Asiatic Sourcing Blog


The Importance of Contracts When Doing Business in China

Some companies doing business in China don’t believe that there is a need for contracts with their counterparts. Some will say that the Chinese won’t follow the contract terms anyway, while others insist it would be futile to try and enforce them in Chinese courts.

However, there are some very good reasons to draw up contracts with those you are doing business in China and here are some of the top ones.


Doing business in China can be a difficult task for various reasons. First of all, there is a language barrier that is a constant struggle. Also, the Chinese see business differently than most western countries so problems can arise with misunderstandings in management, supply, manufacturing and other areas if strict guidelines aren’t applied. Chinese partners have a habit of wagging their heads “yes” while not delivering on what was discussed.

A contract provides clarity on what it is exactly that you want accomplished. It is especially beneficial to have penalty clauses listed should various goals not be met. The possibility of losing money over irresponsible decisions makes for good motivation to do things right.

Add such issues in your contract as shipment dates, quality expectations, and other important items that want fulfilled. Don’t rely on assumptions when doing business in China or you could run into multiple problems.


A contract also provides very straightforward guidelines as to what is expected. This leaves little doubt as to what must be accomplished in order to comply. The contract should be written in Chinese to ensure there is complete understanding on their part.

Strict provisions set up in contracts provided to the partners that you’re doing business in China with also gives you clout when the company is pressured to produce large quantities from numerous other partners. If they have a contract from your company that explains the consequences of not providing shipments on time, for example, they will work harder to fulfill your order first and push to the back of the pack the companies without contracts.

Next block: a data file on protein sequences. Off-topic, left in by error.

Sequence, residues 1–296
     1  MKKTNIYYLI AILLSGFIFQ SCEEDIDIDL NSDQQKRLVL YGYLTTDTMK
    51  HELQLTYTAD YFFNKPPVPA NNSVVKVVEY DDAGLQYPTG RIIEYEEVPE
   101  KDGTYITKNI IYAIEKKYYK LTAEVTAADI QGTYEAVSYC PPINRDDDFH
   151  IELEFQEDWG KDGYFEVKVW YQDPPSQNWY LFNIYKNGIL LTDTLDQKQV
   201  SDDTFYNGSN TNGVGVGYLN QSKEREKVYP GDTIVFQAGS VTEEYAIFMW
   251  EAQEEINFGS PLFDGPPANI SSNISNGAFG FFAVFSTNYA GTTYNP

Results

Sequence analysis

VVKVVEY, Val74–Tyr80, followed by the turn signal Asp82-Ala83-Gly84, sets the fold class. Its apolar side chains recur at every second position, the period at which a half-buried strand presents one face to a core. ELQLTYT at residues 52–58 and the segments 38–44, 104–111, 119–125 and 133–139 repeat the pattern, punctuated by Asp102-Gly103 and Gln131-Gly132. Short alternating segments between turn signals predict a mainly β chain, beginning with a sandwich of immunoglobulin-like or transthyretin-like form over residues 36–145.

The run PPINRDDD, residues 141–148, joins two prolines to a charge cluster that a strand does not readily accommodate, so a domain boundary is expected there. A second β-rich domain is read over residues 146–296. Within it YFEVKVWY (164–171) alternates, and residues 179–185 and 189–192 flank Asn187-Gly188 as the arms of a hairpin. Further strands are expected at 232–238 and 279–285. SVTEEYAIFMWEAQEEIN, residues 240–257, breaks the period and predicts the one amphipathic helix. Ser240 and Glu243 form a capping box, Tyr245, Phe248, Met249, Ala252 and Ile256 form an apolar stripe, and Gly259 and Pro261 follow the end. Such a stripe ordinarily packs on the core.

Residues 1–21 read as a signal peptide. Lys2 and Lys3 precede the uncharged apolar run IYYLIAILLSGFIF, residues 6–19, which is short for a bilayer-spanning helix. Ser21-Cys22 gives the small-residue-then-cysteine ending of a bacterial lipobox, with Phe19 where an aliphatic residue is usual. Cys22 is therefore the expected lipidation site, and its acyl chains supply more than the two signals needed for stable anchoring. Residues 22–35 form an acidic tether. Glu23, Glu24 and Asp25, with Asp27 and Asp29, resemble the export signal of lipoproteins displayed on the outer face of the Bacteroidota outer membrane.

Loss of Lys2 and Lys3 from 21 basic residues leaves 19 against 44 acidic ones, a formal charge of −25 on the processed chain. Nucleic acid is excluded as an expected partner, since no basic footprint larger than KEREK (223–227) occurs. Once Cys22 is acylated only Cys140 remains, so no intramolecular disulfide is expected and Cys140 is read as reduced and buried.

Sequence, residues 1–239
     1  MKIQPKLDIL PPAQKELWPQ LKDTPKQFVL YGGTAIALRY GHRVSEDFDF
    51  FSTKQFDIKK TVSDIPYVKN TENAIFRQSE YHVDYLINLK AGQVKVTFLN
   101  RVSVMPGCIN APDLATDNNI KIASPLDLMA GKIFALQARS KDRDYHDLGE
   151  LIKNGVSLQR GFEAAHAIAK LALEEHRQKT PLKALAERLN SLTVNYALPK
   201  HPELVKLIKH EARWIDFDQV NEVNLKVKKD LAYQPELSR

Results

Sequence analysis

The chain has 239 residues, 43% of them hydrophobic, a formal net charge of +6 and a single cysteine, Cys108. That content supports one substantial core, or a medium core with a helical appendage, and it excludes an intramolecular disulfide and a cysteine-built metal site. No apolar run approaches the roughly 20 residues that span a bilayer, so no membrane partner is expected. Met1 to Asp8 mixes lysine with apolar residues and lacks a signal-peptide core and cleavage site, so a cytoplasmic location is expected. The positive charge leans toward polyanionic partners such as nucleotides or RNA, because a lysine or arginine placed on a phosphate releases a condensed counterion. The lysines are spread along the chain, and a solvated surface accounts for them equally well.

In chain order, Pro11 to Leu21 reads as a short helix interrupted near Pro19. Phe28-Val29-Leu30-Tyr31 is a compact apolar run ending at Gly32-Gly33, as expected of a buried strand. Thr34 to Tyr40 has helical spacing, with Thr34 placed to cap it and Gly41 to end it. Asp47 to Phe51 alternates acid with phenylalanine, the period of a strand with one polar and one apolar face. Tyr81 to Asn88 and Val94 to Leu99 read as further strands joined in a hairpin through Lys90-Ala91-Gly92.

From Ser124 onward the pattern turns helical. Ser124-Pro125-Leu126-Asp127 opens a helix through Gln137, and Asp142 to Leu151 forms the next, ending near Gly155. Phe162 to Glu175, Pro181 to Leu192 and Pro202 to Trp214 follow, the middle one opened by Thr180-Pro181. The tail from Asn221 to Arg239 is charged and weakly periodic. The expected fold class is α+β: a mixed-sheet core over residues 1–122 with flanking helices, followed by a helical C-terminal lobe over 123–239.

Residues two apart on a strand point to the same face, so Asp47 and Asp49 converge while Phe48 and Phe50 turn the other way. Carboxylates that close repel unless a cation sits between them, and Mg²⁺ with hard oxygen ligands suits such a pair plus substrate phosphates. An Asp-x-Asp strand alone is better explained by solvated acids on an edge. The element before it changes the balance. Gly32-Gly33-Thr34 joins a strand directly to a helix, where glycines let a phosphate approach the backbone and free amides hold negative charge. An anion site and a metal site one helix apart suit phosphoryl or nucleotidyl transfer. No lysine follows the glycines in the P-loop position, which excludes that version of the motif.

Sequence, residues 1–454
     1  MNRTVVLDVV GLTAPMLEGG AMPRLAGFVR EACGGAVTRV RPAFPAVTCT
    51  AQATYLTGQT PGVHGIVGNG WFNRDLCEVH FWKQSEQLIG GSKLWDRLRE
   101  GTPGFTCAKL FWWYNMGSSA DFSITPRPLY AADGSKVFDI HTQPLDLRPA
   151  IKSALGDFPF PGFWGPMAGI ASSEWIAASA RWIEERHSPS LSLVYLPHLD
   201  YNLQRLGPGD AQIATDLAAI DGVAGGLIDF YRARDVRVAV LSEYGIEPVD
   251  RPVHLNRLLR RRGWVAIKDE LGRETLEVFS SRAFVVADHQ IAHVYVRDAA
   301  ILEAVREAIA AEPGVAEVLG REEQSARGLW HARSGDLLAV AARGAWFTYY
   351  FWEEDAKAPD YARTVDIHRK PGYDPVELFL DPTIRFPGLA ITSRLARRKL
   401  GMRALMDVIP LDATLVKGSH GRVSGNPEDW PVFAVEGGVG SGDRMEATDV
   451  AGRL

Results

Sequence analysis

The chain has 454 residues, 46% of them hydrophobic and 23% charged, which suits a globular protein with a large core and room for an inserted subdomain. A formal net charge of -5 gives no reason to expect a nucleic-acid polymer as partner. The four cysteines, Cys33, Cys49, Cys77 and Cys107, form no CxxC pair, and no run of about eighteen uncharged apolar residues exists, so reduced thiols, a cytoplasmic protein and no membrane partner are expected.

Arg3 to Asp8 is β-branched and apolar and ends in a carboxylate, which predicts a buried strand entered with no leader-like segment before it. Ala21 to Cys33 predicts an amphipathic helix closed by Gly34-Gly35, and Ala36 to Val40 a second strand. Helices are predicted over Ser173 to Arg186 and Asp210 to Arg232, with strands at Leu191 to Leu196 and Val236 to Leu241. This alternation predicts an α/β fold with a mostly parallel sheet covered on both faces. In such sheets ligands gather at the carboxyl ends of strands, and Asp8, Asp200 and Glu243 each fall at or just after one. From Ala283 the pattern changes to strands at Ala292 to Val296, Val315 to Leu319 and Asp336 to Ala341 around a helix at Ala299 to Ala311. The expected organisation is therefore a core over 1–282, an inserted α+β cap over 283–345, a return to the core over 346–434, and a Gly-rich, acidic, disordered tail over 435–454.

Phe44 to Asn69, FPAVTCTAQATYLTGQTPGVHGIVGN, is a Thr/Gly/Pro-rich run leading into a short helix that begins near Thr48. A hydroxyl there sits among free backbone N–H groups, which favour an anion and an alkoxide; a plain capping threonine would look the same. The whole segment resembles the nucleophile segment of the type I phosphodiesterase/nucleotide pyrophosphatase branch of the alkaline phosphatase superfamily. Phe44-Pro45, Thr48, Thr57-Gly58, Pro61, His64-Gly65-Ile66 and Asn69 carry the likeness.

A contract also provides the power of enforcement. Although there is a common belief that contracts for doing business in China cannot be enforced in the country, the truth is that China is ranked 16th out of 183 countries for successfully enforcing them. That is a very good track record of enforcement.

Besides, businessmen in China are prone to comply with contracts rather than face the possibility of being sued and having the courts rule against them. The Chinese do not like the thought of dealing with the government. This alone gives you more control of the items outlined in your contract.


The bottom line is that it is well worth the effort to draw up a contract (in Chinese) between your company and those with whom you are doing business in China. The amount of preparation, negotiation and even enforcement of contracts will save you a great deal of time, money and headaches that are more apt to surface without them.

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